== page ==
Warning: Light spoiler alert.
The ending of Game of Thrones, TV's most-talked about and most pirated show, this month prompted a horde of think pieces about how unrelentingly brutal and dark the show had become. Why would anyone want to watch a show so devoid of light and hope?
But Game of Thrones is, in this respect, right in line with the prestige-TV zeitgeist. From the unceasing apocalyptic horrors of The Walking Dead to the chilly murder mystery of The Killing, the dark serial-killer thriller The Fall, and—the best of the bunch—the surreal nightmare world of Hannibal, prestige-TV land is a dreary country. At least Tyrion gets drunk and tells some witty jokes now and then. And into this dimly-lit landscape, chewing on a bottle of whiskey while stabbing itself in the eye to try and see if it can still feel, True Detective strides in, determined to be the grimmest of the bunch.
If you missed the first season of True Detective, it's hard to convey the excitement it caused at the time. The show churned out more think pieces and message-board debates than any show on TV sans dragons. Although the show landed with a sentimental plop, season one was genuinely thrilling and stood out among the other gloomy serial-killer dramas thanks to its eerie Southern Gothic atmosphere, the nihilistic monologues of Matthew McConaughey's Rust Cohle—which were largely cribbed from cult horror philosopher Thomas Ligotti, the creepy mystical elements borrowed from weird fiction legends Robert W. Chambers and H. P. Lovecraft, and the knockout cinematography of director Cary Fukunaga, who helped make it one of the most beautiful-looking TV shows ever.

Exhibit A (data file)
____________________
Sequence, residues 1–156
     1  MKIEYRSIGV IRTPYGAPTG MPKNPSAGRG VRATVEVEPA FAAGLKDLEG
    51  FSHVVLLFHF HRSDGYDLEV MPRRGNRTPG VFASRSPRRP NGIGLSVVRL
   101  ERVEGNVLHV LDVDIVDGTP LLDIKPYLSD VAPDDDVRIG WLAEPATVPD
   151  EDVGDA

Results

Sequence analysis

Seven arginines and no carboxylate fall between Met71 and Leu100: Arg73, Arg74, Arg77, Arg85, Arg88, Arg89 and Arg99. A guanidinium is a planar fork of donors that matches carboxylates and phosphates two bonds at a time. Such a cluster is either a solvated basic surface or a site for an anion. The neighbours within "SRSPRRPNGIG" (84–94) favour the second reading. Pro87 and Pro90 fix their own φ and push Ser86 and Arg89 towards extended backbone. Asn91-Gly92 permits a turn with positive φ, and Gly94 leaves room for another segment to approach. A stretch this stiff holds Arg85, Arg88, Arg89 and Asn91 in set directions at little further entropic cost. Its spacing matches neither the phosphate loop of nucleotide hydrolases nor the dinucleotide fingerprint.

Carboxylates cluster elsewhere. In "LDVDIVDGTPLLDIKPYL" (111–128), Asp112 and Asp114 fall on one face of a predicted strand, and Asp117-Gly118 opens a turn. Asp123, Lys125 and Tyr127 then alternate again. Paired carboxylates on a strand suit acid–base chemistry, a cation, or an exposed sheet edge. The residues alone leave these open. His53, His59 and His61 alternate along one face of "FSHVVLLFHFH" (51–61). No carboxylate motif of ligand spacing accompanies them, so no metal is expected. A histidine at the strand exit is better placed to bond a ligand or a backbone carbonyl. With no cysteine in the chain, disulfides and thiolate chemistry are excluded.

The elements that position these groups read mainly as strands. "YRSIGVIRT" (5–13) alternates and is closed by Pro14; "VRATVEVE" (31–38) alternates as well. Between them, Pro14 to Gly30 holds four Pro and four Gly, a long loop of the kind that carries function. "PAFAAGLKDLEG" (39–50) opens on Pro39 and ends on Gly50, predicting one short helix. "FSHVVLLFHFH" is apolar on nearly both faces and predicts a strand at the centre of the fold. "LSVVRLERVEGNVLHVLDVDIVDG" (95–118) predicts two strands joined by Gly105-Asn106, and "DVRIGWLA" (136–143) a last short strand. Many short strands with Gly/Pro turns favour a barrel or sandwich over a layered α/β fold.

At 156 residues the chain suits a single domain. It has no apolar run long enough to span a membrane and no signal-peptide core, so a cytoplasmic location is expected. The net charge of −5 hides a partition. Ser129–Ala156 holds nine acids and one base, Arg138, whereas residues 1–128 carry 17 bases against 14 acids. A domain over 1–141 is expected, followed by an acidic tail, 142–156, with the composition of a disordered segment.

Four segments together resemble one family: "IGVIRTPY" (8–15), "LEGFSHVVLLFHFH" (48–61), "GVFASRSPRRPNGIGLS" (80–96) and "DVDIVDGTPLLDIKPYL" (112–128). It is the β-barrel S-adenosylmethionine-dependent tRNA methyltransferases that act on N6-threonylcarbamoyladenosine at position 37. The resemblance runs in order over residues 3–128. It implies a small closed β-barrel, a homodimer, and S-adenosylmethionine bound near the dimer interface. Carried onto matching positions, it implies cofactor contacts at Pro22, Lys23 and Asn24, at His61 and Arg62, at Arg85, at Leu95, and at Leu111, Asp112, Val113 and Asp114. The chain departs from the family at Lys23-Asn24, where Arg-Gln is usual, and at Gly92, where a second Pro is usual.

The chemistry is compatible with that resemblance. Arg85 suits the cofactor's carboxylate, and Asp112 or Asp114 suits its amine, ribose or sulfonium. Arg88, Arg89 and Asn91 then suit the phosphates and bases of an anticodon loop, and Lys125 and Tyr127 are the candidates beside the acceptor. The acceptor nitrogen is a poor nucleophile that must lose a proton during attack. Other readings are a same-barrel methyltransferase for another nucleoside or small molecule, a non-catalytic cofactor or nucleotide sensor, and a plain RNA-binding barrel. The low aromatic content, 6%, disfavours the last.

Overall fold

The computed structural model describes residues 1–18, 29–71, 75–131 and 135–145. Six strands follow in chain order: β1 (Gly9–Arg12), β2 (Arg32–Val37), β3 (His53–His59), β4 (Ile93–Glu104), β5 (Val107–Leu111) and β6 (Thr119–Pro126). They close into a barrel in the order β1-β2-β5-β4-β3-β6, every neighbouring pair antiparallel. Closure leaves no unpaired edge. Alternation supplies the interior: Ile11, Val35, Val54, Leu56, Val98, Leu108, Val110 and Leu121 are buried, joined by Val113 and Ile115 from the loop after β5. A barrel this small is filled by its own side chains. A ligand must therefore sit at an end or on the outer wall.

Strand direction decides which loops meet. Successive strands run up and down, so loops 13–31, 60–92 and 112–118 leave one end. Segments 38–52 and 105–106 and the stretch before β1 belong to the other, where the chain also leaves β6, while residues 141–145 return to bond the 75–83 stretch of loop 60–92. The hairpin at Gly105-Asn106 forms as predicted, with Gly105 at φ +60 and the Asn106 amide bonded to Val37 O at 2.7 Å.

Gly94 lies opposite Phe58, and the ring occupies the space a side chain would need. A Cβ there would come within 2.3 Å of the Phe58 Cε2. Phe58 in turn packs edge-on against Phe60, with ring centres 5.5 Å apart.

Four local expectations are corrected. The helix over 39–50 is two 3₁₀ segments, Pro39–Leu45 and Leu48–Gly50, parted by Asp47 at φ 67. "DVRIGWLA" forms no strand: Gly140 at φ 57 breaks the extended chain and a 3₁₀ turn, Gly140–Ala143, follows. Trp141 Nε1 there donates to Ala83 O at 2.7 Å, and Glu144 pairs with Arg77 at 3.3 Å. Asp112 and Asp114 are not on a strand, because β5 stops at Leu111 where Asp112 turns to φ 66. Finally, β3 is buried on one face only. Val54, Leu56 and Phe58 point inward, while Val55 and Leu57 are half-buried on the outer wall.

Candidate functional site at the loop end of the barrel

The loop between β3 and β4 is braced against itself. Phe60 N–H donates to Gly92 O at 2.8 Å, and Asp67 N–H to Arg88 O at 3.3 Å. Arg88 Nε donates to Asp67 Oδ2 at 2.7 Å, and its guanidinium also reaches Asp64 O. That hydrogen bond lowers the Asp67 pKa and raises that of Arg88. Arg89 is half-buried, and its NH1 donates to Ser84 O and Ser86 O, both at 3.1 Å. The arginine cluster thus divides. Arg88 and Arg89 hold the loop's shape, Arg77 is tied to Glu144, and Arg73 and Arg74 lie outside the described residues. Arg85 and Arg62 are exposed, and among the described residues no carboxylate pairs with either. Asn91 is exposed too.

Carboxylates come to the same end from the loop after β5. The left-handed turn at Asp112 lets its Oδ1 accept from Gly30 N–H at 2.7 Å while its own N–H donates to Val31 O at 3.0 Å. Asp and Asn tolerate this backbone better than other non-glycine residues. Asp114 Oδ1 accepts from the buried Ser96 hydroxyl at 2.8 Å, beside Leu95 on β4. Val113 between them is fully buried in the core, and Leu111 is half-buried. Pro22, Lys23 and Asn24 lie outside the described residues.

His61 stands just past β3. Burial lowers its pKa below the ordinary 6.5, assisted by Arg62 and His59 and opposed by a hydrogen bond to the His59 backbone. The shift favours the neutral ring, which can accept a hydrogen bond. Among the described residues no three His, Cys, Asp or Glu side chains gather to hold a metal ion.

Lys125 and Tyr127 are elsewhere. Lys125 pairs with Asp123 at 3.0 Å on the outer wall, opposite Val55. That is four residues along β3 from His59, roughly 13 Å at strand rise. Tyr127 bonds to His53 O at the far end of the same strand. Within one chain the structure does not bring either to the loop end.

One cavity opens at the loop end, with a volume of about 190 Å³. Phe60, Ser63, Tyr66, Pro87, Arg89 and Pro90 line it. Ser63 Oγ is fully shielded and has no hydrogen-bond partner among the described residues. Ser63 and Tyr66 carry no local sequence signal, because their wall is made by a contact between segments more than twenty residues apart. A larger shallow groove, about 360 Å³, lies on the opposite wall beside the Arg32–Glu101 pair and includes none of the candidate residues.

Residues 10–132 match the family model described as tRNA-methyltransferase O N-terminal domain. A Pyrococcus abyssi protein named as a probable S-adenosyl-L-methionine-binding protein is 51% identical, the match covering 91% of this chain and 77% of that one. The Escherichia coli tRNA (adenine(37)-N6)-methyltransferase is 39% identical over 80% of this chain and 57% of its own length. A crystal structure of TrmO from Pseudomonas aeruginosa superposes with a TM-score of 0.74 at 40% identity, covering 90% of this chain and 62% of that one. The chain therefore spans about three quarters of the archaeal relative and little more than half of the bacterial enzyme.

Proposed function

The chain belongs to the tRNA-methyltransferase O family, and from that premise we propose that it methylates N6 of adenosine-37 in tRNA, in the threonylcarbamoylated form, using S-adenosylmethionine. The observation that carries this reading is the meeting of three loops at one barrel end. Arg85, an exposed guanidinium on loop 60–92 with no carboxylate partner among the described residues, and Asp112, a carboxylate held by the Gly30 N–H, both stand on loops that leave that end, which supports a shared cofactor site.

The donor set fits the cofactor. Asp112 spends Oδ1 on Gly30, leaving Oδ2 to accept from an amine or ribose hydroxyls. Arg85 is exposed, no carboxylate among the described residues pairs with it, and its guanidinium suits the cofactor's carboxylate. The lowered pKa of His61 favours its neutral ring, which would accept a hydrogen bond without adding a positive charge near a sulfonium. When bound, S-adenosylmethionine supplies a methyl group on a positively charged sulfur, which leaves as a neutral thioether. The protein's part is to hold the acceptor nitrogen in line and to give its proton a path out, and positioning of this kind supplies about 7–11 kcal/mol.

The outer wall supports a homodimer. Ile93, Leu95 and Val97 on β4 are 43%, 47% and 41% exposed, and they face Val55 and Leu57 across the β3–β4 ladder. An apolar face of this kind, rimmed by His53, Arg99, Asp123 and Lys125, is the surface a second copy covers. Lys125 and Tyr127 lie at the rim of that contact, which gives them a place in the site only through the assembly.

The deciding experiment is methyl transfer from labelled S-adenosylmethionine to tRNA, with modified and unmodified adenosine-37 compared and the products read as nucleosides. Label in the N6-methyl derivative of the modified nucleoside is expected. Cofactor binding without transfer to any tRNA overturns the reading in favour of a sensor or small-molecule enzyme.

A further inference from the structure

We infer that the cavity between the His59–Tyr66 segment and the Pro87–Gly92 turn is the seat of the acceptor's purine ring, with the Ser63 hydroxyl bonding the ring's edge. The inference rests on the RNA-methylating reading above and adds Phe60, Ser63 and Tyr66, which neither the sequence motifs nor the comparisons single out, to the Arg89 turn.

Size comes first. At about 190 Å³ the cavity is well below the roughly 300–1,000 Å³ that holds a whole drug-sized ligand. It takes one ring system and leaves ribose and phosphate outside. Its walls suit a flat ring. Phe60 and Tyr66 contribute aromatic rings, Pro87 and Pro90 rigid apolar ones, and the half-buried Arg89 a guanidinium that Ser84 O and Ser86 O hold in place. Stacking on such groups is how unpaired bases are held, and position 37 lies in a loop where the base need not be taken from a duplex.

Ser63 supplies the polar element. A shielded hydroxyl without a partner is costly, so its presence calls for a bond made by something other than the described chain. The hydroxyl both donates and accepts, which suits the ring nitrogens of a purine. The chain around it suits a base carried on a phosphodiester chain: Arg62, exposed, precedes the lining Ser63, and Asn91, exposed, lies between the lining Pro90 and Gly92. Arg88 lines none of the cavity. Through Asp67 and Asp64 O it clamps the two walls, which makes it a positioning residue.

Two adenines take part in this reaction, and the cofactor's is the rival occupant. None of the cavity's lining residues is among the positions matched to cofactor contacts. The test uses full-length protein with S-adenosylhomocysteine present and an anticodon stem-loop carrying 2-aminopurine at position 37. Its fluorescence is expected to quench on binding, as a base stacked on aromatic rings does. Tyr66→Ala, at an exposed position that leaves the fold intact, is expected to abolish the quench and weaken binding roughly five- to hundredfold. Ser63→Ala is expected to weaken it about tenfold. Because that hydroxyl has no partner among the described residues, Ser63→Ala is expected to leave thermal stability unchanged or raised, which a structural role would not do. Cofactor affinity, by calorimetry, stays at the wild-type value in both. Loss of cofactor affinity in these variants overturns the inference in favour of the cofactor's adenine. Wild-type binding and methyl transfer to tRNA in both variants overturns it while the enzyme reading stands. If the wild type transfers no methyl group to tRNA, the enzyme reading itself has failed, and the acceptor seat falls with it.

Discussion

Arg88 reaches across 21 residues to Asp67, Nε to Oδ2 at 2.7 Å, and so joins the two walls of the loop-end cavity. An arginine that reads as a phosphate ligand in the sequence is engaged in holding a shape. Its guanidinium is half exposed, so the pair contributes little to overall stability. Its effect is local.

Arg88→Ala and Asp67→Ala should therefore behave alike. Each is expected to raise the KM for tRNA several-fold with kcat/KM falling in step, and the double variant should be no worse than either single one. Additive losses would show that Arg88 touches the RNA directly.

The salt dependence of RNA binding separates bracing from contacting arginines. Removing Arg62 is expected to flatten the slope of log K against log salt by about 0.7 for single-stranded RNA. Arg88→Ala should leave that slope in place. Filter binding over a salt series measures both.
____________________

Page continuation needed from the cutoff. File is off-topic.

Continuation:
'True Detective' season two trailer. Courtesy of HBO
However, in season two, all of that has disappeared, like so many corpses sunk into the Louisiana bayou. The only things carried over are writer Nic Pizzolatto and the sense of self-seriousness. Forgoing the good cop/existential-despair cop buddy formula of season one, this season follows four leads played by four notable actors.
Colin Farrell is Ray Velcoro, a grim, serious corrupt cop ravaged by his divorce. Vince Vaughn is Frank Semyon, a grim, serious gangster trying to turn straight. Rachel McAdams is Ani Bezzerides, a grim, serious tough-as-nails female cop who is "angry at the entire world, men in particular." Taylor Kitsch is Paul Woodrugh, a grim, serious motorcycle cop haunted by his army past. All four are hard on their luck, probably alcoholic, have unsatisfying sex lives, and spout Chandler-lite hardboiled lines that don't necessarily make any sense ("Never do anything out of hunger—not even eating," is Vince Vaughn's diet/life advice).
McAdams's Bezzerides in particular feels added in as a response to the (quite fair) criticism that season one focused on the corpses of young women without giving us any fleshed-out female characters. Bezzerides is certainly as fleshed out as the other leads, although she comes from the Strong Female Character school of writing where "strong" means "really likes whiskey and stabbing things with knives" and "female" means "played by a woman."
If those four characters sound like they were generated by a Crime Screenplay Generator Algorithm, well, they more or less feel that way through the first three episodes. This isn't the fault of the actors, who play the roles as moody and brooding as they can—although Vince Vaughn is less convincing when he moves from impotent businessman to intimidating crime lord. But the show as a whole feels like a collage of LA noir tropes, as though someone watched Chinatown, LA Confidential, and The Big Sleep, and thought, You want hardboiled? I'll quadruple-boil this bad boy ! In the first episode alone, we get corrupt cops, orange groves, pornography, a swanky gala, grungy dives, a ditzy actress, and a neo-hippie commune. The central mystery involves shady land deals, corrupt politicians, and a mutilated corpse. Yet divorced from the weird fiction and horror-nihilism atmosphere of season one, none of these elements stand out from their use on any other dozen noirs.